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Open Access Publications from the University of California

Blue Carbon Ecosystems in San Diego: Exploring the Soil and Challenges of Restoring Coastal Wetlands

The data associated with this publication are within the manuscript.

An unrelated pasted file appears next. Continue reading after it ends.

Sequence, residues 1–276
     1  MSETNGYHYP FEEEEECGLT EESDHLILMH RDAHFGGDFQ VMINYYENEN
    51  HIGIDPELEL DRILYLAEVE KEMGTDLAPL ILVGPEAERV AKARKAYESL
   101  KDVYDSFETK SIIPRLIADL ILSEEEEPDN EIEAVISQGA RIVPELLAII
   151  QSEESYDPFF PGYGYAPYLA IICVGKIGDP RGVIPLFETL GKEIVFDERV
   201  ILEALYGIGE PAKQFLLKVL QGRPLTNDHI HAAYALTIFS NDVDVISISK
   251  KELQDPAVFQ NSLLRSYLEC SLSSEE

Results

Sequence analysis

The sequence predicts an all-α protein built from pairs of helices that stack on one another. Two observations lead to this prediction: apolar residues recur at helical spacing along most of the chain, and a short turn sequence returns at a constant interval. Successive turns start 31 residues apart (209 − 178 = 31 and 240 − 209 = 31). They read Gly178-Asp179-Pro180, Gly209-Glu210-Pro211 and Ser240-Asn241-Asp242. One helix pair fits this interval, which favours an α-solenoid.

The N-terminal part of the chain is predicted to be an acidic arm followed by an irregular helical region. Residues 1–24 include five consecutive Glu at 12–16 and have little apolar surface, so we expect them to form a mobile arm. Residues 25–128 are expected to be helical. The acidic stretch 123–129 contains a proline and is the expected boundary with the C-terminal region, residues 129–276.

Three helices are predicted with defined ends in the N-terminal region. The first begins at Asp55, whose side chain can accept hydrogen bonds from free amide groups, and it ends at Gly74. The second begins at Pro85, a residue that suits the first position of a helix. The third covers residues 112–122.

Recent research and publications have highlighted the importance of protecting and restoring coastal wetlands to sequester carbon. Blue carbon, the term for the carbon stored in vegetated coastal ecosystems, has spurred an increase in research to better understand the sheer amount and value of carbon stored in those ecosystems. Global and local coastal wetlands provide a multitude of benefits to society in addition to carbon sequestration. For example, providing protection from storms and sea level rise, pollution abatement, biodiversity, fisheries value, and outdoor space for communities. Given the many benefits of coastal wetlands, there has also been an increase in restoration efforts. Restoration is complex, requiring an understanding of a variety of fields from biology to politics. In the case of wetlands, restoration requires soils suitable to optimal growth of vegetation so that the various and vital ecosystem services provided by wetlands can be maximized. Potential added benefits to restoration include augmenting restoration sites with biologically inactive carbon, biochar, in order to maximize blue carbon stocks, carbon credits to offset restoration costs, and sustainable practices.

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